Multicultural Festival is coming up June 20-22
For about the last decade, a variety of entertainment, food and wares from many cultures have decorated Parkersburg City Park in June.
Since 1996, the Mid-Ohio Valley Multicultural Festival has graced the park with the culture of Eastern Europe, Asia and classic American.
The festival has been a recipient of Artsbridge funds for many years and Jane Irvine, executive director of Artsbridge, said the festival follows very closely the mission of Artsbridge.
“It brings a really wide variety of arts activities to the Mid-Ohio Valley,” she said. “It brings an opportunity not only for the public to go and see (these activities) but to bring different performers into the Mid-Ohio Valley.”
Rick Rubin, president and concession manager, said there are many fun activities this year for festival goers, especially children.
“One thing that’s new is we have some Korean food coming in,” he said. “We’ve never had that before. We also have a dinosaur (skeleton), the ‘alarming lizard.’ It’s 23 feet long and nine feet wide. We’ve been trying to get it to the festival for three years now. We’re really excited about that.”
Bea Corra, founding member, said the festival was founded with the help of Eugene Donaway after the Ku Klux Klan started appearing all over the area.
“We decided it was a proactive stance we would take,” Corra said. “We formed the festival appreciative of differences; not of how differences can divide us but the appreciative of differences and how that can bring us together…We try to do the proactive thing and be a positive force in the community instead of reacting to anything negative that might happen.”
Rubin said they hope to always be able to offer the festival for free.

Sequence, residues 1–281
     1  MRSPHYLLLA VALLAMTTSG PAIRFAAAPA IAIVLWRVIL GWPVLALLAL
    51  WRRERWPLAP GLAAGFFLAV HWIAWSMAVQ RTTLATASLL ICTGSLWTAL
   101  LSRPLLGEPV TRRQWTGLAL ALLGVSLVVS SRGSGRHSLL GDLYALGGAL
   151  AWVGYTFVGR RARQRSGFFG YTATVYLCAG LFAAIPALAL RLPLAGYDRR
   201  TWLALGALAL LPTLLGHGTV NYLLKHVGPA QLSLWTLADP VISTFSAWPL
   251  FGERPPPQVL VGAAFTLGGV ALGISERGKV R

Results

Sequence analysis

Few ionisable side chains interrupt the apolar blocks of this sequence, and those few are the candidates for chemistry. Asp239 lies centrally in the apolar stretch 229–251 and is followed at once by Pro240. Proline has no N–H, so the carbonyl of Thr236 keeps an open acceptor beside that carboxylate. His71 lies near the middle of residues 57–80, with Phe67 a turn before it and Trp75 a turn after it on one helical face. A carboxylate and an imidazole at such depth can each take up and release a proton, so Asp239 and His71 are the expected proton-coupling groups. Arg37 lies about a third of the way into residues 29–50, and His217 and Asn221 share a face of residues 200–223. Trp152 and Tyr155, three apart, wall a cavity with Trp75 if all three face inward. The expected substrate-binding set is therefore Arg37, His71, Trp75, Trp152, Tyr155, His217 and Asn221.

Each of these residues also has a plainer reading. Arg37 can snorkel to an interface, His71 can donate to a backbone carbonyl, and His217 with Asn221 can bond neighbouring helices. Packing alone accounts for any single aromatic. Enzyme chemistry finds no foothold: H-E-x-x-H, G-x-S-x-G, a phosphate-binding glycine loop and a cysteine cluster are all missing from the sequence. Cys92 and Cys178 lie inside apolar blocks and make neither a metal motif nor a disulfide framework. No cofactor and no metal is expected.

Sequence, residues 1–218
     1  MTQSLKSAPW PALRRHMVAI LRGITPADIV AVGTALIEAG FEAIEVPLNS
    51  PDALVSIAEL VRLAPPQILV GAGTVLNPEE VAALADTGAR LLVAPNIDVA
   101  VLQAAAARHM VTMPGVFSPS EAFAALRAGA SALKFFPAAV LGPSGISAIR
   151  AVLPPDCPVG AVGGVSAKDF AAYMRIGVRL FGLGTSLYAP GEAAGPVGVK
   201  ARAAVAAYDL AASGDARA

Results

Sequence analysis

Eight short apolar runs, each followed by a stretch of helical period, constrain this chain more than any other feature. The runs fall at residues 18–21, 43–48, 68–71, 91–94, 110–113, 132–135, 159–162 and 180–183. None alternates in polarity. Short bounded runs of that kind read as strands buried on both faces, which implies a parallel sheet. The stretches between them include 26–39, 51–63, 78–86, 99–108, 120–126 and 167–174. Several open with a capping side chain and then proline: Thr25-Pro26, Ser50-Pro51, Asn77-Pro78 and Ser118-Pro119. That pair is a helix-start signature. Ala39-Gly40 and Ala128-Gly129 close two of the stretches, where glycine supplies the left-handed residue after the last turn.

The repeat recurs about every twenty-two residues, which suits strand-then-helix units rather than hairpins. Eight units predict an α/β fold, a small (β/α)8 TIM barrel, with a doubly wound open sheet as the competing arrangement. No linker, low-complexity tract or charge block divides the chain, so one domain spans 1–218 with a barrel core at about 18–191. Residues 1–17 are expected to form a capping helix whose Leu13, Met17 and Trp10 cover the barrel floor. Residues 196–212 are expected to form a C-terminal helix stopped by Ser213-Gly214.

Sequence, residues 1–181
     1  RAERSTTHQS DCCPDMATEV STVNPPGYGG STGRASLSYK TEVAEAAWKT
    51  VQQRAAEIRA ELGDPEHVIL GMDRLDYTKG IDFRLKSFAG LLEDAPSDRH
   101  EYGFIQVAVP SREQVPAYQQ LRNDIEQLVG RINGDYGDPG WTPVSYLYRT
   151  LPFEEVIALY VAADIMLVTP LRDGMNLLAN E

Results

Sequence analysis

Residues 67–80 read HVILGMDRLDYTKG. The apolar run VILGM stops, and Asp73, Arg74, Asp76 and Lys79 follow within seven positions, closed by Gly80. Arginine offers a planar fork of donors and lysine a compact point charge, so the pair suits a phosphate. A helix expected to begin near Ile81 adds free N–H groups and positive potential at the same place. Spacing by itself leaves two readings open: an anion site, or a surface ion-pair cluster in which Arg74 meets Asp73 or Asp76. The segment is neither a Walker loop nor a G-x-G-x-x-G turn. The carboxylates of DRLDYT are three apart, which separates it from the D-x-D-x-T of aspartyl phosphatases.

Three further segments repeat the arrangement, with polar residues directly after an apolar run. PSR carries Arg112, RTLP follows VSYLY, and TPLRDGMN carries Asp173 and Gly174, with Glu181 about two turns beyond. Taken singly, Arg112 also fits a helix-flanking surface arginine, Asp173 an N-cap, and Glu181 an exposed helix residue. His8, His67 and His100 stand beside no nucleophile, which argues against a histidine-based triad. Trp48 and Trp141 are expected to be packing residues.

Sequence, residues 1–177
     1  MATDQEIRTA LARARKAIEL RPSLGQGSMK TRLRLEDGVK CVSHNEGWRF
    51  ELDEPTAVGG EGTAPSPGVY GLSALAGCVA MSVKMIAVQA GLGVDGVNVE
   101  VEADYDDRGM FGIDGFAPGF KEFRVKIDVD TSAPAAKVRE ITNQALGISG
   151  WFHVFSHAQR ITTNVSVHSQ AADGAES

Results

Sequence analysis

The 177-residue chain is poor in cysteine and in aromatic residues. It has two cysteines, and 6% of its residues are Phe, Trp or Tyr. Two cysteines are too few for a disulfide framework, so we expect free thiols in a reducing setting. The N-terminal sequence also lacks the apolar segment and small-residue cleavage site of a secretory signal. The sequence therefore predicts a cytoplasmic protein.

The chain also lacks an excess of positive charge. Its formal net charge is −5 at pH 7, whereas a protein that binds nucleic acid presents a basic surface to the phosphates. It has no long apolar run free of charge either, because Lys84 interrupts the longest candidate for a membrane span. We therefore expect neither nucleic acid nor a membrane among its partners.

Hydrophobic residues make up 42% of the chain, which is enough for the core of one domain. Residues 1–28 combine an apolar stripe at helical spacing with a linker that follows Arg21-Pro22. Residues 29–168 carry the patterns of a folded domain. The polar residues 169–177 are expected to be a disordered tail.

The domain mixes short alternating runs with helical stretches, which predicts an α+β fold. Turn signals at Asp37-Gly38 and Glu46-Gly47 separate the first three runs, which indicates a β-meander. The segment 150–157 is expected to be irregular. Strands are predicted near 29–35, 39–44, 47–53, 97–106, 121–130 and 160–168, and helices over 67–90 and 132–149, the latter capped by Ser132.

“One thing we do pride ourselves on is it’s free admission to the festival,” he said. “Attendees) get to see the type of things we don’t have in this area.”
He said in addition to the dino skeleton, there is a children’s activity center, where one event in particular has been a hit.
“For the last three to four years, we’ve had a drum making workshop,” Rubin said. “It’s something that’s been successful. Usually some things won’t be as popular as time goes on, but every year we keep adding more and more drum kits to the drum making seminar.”
Corra said the fun thing about the festival is the variety that can be found throughout the park.
“(We have) different kinds of ethnic foods and things people would purchase for their home or clothing,” she said.
She added that by taking a survey of attendees, the all-volunteer board found out what event goers wanted.
“Two years ago, we started a new area at the festival: the International Boulevard, with exhibits and educational displays from countries,” Corra said. “We did a survey and one of the things people wanted was to learn about people from different countries…We ask people with different nationalities to do…posters and memorabilia, things that represent their heritage.”
Corra said that the park provides a good environment for the event.
“We have almost outgrown the area, but we love the park,” she said. “It’s shady and makes for a relaxed, laid back feel to it. It’s not an area that necessitates continual movement. People will bring a chair and sit in the shade in the park all day.”
In fact, Corra said the performers, whether music or dancing, are a popular attraction.
“We offer entertainment that’s family oriented,” she said. “We try to bring in things people don’t have the opportunity to see without going outside the area. We have high-quality performers in their particular genre.”
Entertainment during the opening night of the festival includes an African theme night with Kenya Safari Acrobats.
Rubin said what makes the festival great is there’s something for everybody.
“Mom can shop…kids can go the free children’s activities area,” he said. “It’s a well-rounded festival and there’s something for everybody.”